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Mar 9

For parents everywhere

Posted on Sunday, March 9, 2008 in Family, Poems and things

I wrote this rather maudlin poem today while stuck between a rock and a hardplace.  Puppychild was outside playing with other children when suddenly a kid pulled a toy out of her hands, causing her to fall over.  Tears followed, with heartrending appeals for a motherly hug which I felt I had to deny her for her own good.  I watched with tears in my eyes as she eventually picked herself up and decided to fight for the toy herself, a fight which she won. 

My pride at her small accomplishment made me realise that sometimes it is selfish to want to protect a child from absolutely everything, so I am trying hard to figure out exactly where the line falls between love and cruelty, nature and nurture. 

For parents everywhere
(Or: A sonnet for softies)

How tough it is to leave the loving room
Where childhood slept wrapped up in tender care
How suddenly the blanket of my womb
Was ripped away to find my child laid bare

Now on her own, the daunting task is nigh-
To let her grow despite the harshest winds
How do I stem the love, my kiss deny,
To ready her for schoolyard streetwise sins?

A greater pain I feel for cuts and scars
Than she, the wounded child who stands alone
Though tears are falling softly through the bars,
My heart must build a prison cell of stone

My freedom waits until the day I see
She’s found her comfort independently

Bring on the comments

  1. Deborah says:

    Aw K8 that is so beautiful… and true!

  2. Granny says:

    Ahh! I felt so sad for you. A lovely poem. I wish I could write like that.

  3. Nice one. I usually give my girls tips on how to punch more effectively (no, keep the wrist straight, contact with these two knuckles, you’ll break the little one if you use that)

    Kidding of course.

  4. flirty says:

    a poet as well!

  5. Hails says:

    You’ve got talent, girl.

    This is beautiful. I’ve never considered what it must be like to be a parent and have to allow your child to get out there and stand up for herself, when you want to do it for her.

    Mind you – I can’t even look after *my*self! ;)

  6. Oh that describes it beautifully. Only thing is I don’t think the day comes when we no longer worry about our children. The world is tough, we have to prepare them for that, but it is very hard to see them take these knocks.

  7. englishmum says:

    *sigh*. Girl, you are such a wordsmith. Gives me goosbumps.

  8. K8 says:

    Deborah; Thanks! How painful this truth is, but worth it I guess.

    Tanks, ma. You could say I learned by good example?

    Thriftcriminal; No kidding, that’s daddy’s job! I have no problems at all with daddies teaching their kids the physical tricks to self-defence. There’s nothing funny about broken thumb knuckles!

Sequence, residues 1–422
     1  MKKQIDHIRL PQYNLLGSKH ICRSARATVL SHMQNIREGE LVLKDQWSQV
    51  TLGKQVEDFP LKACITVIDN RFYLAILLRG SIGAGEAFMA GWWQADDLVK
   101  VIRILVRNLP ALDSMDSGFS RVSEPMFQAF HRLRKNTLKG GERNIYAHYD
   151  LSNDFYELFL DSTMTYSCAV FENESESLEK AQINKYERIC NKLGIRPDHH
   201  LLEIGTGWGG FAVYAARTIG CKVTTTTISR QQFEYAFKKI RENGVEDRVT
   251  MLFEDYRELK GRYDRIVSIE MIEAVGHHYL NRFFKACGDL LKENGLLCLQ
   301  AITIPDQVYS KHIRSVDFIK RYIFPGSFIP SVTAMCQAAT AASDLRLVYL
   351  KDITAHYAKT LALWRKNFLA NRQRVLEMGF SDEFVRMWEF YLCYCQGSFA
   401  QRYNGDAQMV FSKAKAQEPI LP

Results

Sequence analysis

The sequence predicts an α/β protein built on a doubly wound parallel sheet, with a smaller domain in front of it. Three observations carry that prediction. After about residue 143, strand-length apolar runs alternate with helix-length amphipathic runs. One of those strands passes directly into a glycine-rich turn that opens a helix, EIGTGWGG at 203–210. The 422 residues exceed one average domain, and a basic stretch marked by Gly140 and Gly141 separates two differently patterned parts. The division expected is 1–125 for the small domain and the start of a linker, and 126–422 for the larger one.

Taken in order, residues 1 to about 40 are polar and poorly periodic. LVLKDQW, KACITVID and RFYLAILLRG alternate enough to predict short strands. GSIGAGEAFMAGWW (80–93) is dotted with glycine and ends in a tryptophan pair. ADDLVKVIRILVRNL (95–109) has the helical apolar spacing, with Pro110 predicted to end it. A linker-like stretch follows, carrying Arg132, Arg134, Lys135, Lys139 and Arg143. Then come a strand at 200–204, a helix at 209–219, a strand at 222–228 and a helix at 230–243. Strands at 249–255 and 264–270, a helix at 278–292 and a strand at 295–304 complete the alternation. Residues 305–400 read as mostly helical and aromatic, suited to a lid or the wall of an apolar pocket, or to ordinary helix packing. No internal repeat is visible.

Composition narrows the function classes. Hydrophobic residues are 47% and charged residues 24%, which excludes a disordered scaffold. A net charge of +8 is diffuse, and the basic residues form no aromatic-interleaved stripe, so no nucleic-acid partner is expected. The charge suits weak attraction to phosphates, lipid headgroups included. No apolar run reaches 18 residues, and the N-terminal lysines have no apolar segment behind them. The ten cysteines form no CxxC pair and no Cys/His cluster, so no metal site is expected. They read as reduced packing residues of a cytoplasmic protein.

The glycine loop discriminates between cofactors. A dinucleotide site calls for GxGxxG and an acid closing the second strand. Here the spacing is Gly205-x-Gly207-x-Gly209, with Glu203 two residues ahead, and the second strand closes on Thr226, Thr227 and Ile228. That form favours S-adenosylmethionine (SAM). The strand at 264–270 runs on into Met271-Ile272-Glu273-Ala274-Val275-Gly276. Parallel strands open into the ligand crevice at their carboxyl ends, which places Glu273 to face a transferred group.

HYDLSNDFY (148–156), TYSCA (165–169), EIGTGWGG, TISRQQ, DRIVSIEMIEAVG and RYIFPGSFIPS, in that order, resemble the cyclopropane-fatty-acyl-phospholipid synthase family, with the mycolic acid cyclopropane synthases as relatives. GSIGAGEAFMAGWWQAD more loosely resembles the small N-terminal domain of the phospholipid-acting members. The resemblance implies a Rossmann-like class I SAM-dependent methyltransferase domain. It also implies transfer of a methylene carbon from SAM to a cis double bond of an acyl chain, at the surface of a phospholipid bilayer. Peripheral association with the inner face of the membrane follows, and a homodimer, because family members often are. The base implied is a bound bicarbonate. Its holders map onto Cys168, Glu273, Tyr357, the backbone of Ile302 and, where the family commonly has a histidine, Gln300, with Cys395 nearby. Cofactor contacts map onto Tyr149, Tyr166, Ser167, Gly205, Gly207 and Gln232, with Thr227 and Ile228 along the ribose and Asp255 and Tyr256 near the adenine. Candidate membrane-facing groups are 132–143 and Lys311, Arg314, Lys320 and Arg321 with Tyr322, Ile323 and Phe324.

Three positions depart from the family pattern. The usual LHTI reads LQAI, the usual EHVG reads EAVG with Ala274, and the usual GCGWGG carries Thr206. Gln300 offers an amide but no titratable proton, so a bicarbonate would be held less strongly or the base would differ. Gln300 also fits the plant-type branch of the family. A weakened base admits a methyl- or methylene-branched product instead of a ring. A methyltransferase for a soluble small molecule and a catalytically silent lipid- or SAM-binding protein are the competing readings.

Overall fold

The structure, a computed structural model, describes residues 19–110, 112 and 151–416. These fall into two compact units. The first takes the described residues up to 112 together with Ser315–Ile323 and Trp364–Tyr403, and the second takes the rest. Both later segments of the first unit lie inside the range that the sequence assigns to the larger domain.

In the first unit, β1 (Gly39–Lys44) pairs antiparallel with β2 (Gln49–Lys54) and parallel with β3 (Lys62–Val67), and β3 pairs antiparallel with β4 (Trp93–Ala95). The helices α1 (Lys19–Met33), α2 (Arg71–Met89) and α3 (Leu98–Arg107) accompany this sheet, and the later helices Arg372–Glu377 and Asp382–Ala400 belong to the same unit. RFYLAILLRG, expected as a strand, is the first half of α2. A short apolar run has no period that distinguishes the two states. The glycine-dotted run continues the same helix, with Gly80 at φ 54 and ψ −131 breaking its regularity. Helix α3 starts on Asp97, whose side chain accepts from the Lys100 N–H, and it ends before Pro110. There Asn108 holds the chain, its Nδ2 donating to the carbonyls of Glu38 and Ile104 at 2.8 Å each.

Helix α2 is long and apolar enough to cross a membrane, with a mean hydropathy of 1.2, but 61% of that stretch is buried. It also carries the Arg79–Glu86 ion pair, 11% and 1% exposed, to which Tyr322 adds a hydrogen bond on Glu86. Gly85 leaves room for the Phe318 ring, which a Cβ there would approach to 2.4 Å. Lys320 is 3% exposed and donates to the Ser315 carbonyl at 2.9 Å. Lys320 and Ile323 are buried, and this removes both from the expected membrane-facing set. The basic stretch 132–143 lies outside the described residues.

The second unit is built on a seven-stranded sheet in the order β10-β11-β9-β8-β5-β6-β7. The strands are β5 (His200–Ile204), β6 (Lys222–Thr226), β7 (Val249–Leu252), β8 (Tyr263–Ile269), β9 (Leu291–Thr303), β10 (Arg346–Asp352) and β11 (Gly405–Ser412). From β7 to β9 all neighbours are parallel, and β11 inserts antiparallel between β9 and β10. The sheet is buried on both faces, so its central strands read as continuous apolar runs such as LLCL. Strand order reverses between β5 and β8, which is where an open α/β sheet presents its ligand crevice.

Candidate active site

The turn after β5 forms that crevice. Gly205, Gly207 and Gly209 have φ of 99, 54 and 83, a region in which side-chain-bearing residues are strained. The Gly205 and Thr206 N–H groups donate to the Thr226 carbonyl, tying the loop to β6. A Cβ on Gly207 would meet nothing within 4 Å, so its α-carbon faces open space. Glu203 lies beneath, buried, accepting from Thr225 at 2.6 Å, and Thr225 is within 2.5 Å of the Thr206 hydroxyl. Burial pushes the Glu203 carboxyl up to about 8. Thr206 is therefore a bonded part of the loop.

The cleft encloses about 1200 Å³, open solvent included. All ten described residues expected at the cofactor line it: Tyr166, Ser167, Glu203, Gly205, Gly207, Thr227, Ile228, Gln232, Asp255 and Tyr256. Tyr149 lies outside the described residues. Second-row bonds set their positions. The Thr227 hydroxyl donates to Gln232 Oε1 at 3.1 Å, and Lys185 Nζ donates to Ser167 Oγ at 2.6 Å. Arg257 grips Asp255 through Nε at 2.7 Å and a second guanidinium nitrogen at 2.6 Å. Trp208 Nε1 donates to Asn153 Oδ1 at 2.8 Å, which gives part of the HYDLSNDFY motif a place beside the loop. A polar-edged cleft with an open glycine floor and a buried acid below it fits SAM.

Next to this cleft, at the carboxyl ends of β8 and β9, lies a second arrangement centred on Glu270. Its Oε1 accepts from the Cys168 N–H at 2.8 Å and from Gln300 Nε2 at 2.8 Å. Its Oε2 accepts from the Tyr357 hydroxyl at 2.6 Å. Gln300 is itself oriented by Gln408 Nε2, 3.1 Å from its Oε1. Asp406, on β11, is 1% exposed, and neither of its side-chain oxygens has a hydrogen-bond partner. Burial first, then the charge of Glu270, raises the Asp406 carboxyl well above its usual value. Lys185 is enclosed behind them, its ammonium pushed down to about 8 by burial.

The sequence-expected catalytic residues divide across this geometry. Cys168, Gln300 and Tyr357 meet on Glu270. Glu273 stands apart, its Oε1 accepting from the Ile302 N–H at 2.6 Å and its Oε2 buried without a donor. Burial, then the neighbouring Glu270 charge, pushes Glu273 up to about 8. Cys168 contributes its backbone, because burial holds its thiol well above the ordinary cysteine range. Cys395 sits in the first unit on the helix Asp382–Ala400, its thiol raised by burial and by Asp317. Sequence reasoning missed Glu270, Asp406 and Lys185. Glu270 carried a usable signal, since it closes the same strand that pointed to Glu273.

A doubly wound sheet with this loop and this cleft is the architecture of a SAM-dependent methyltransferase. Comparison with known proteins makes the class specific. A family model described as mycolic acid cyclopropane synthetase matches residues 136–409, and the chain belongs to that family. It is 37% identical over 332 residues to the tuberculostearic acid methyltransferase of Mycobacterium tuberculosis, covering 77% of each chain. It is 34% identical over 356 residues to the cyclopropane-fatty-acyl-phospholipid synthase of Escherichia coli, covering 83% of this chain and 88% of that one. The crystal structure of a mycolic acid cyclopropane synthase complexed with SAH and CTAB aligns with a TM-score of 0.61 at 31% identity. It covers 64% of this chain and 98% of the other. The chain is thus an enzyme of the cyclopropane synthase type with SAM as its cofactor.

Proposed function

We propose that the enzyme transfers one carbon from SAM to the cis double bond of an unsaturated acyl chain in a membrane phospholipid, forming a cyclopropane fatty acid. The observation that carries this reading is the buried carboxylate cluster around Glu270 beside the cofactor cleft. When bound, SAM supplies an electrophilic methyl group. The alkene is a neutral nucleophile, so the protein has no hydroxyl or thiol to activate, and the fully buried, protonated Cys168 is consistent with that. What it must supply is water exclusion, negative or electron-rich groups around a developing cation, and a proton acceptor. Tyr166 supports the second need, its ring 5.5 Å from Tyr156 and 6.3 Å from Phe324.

Flirty; Only by accident.

    Hailey; Thanks!!! Why can’t children be more like cats? BTW, have you seen this photo? It’s begging for a caption! (tee hee)

    Sam; How true this is. I keep thinking that I’ll be free when the kids turn 18 to go and roam the planet, but I know you speak the truth… nobody warned me about this in sex-ed!

    Englishmum; Why thank you! I is only learning, can’t quite grasp the profound abstract yet- or do I want to?

  9. That’s really nice. I’m qualified to comment on matters poesy as I was very good at English at school.

    I’m fluent in it now.

    Oh and by the way, I’m tagging you on my blog. Heh heh!

  10. “No kidding, that’s daddy’s job!”

    True, but I’ll wait a little longer before teaching my 3 year old rising block, reverse punch, side step and side thrust kick to the knee :-) I don’t want the creche littered with bodies.

  11. K8 says:

    Mc Danger; Maybe my comment should’ve read ‘… and your little BLOG, too!’

    Thriftcriminal; Sure there’s very little they’re not already being taught by Sportacus or that dastardly Fifi the flowertot. She is one evil bint…

  12. englishmum says:

    Ooops. I meant goosebumps. I’m not bad at English either. Just shite at typing x

  13. That struck a chord.

    My #2 son was pushed around at school a few months ago by a little **** and had to have stitches in his head as a result of being slung against a wall in the yard. My first instinct, well second after hugging him until he nearly suffocated, was to inflict bodily injury on some other mothers child…bad eh?

    After so many years of ‘tell the teacher’ I now instruct #2 and #1 to keep their thumbs tucked in and aim for the nose…does that make a bad mother or just a protective one who wants her boys to stand up for themselves…you could possibly have opened a can of proverbials here K8.

  14. Baino says:

    Aww K8 I’m sending your poem to ClareBear . . the wrench is hard no matter what age. My little street fighter is in Peru and finding her comfort independently. I still pine! No need to stem the love, it’s a lifetime commitment.

  15. Beautifully put. Thankfully yours was not the robber child, that’s a whole lot more complicated to deal with.

  16. K8 says:

    Queen of Clean; ‘My first instinct…was to inflict bodily injury on some other mothers child…bad eh?’ Not really… I never thought myself capable of thoroughly hating a child until I moved into this housing estate. I’ve been awfully tempted to run them over. Yes I am going to hell.

    Camron; Slapper.

    Baino; That’s what I was afraid of. A little bird (not Waldorf) told me that Champagne helps, though.

    Conan; Unfortunately yes, my kid is on both sides of the fence. Monkey see, monkey do of course. What a complicated mess this parenting business is!

  17. Natalie says:

    Speachless really….so very well put.

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